Syria’s government approved on Tuesday a bill to rescind a decades-old Emergency law and agreed to abolish the state security court even as security forces fired on a mass protest of thousands in Homs where 10 people reportedly killed in clashes.
Three army officers and three children were killed by “armed criminal gangs” around the city, Syrian authorities announced.
“The sit-in was dispersed with force. There was heavy gunfire,” an activist said over phone, without being able to give details of possible casualties.
He said the security forces very early on Tuesday swarmed into Al-Saa Square, where some 20,000 people were staging a mass sit-in, scattering protesters who had vowed not to leave until President Bashar Al Assad stepped down.
“The latest incidents have shown that… armed Salafist groups, particularly in the cities of Homs and Banias, have openly called for armed revolt,” said an interior ministry statement carried by Sana news agency.
It accused such groups of killing soldiers, policemen and civilians, and of attacking public and private property, and warned that “their terrorist activities will not be tolerated.”
The authorities “will act with determination to impose security and stability in the country” and will “pursue the terrorists wherever they are in order to bring them to justice and end the armed revolt”, it said. The cabinet also approved a bill regulating demonstrations, the official news agency Sana said. Sana said the cabinet also passed a law to abolish a special security court which human rights lawyers says violates the rule of law and the right to fair trial.
It also passed legislation to “regulate the right of peaceful protest”. Permission from the Interior Ministry will be needed to demonstrate in Syria, the news agency said.
One activist dismissed the cabinet decision, saying Assad himself could have lifted emergency law immediately. “The government doesn’t need to issue anything … It’s in the hands of the president to lift it,” Ammar Qurabi said.
A senior international lawyer said the new law regulating demonstrations, which were banned under the state of emergency, would still mean “you have to ask permission from the Assad family to demonstrate”.
There was no immediate response from protest leaders. Repeal of the emergency law has been a central demand of reformists since protests began on March 15.
At least 200 people have been killed by security forces or plain-clothes police since the start of the protest movement, according to Amnesty International.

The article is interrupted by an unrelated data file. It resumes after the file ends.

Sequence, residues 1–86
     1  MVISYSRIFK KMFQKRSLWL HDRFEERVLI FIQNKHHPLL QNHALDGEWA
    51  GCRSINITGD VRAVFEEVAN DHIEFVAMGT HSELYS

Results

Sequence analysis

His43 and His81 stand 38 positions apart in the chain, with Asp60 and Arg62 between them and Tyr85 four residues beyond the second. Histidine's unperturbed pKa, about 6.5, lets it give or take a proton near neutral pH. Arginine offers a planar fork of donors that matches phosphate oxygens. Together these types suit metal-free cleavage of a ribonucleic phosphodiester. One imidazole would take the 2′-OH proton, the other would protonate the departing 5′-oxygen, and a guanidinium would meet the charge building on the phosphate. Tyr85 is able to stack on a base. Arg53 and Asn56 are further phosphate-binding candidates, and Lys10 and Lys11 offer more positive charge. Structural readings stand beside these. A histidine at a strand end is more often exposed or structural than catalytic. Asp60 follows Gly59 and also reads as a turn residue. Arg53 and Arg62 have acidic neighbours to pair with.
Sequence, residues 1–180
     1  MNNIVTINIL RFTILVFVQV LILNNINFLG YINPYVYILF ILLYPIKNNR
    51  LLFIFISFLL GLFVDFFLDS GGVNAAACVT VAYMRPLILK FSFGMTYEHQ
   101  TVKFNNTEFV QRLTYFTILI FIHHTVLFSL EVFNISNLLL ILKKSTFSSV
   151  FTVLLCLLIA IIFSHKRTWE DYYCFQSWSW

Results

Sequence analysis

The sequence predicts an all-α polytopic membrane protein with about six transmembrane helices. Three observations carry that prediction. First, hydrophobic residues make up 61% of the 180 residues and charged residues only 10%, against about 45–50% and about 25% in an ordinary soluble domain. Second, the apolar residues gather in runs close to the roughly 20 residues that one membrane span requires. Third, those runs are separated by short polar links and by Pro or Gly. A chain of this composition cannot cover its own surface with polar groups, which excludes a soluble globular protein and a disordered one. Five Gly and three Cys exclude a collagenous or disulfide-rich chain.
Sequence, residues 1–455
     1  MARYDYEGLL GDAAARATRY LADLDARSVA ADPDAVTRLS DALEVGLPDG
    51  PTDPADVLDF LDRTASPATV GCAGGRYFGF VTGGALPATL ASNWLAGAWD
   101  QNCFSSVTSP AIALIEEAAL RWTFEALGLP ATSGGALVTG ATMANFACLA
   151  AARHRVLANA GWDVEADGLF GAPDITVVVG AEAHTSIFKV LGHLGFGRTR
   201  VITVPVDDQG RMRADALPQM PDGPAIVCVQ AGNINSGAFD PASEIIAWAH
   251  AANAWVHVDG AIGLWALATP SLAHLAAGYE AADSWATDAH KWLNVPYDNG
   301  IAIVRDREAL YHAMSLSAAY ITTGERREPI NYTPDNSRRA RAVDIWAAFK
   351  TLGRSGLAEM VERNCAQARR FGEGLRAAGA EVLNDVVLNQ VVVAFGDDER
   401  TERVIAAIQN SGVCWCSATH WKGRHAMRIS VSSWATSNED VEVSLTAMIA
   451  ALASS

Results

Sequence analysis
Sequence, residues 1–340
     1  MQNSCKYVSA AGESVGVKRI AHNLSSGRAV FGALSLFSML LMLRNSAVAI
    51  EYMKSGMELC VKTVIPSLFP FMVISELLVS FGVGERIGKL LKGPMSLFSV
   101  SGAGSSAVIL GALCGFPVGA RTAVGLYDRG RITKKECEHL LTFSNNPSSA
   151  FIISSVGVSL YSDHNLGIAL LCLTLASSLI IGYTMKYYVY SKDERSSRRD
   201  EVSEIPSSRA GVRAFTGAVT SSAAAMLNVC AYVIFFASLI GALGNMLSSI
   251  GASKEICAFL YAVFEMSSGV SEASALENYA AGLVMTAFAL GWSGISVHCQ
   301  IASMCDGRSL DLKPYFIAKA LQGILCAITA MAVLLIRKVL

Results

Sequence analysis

The government also announced a crackdown on an “armed revolt” by Islamist radicals, while Interior Minister Mohammed Ibrahim Al Shaar told people “to refrain from taking part in all marches, demonstrations or sit-ins under any banner whatsoever.”
He warned that if demonstrations were held, “the laws in force in Syria will be applied in the interest of the safety of the people and the stability of the country”
At the outset, the authorities relaxed enforcement of the emergency law to permit peaceful gatherings but quickly started clamping down.
Meanwhile, the authorities vowed to suppress what they called an “armed revolt” by Salafists, Muslims who espouse an austere form of Sunni Islam that seeks a return to practices common in the early days of the faith.
“The latest incidents have shown that … armed Salafist groups, particularly in the cities of Homs and Banias, have openly called for armed revolt,” Sana quoted the interior ministry as saying.
The ministry accused such groups of killing soldiers, policemen and civilians, and of attacking public and private property, and warned that “their terrorist activities will not be tolerated”.
The authorities said three army officers and three children were killed around Homs.
“Armed criminal gangs who block roads and spread fear in the area, came upon General Abdo Khodr Al Tellawi, his two children and his nephew, and killed them in cold blood” and “mutilated” the bodies, Sana reported.
Two other officers “fell as martyrs to armed criminal gangs’ bullets in Homs”, and General Mohammed Abdo Khaddour was shot in the head and chest as he traveled to his office there, the agency said.
An activist reached by telephone said a protest overnight in Homs “was dispersed with force. There was heavy gunfire.”
Another activist said four people were killed during the assault by security forces, but gave no details.
US called for Syria’s Assad to “address the legitimate aspirations of its people” in the wake of 11 deaths at the hands of security forces during protests.
US is “very concerned… about the Assad regime,” State Department spokesman Mark Toner told reporters. Agencies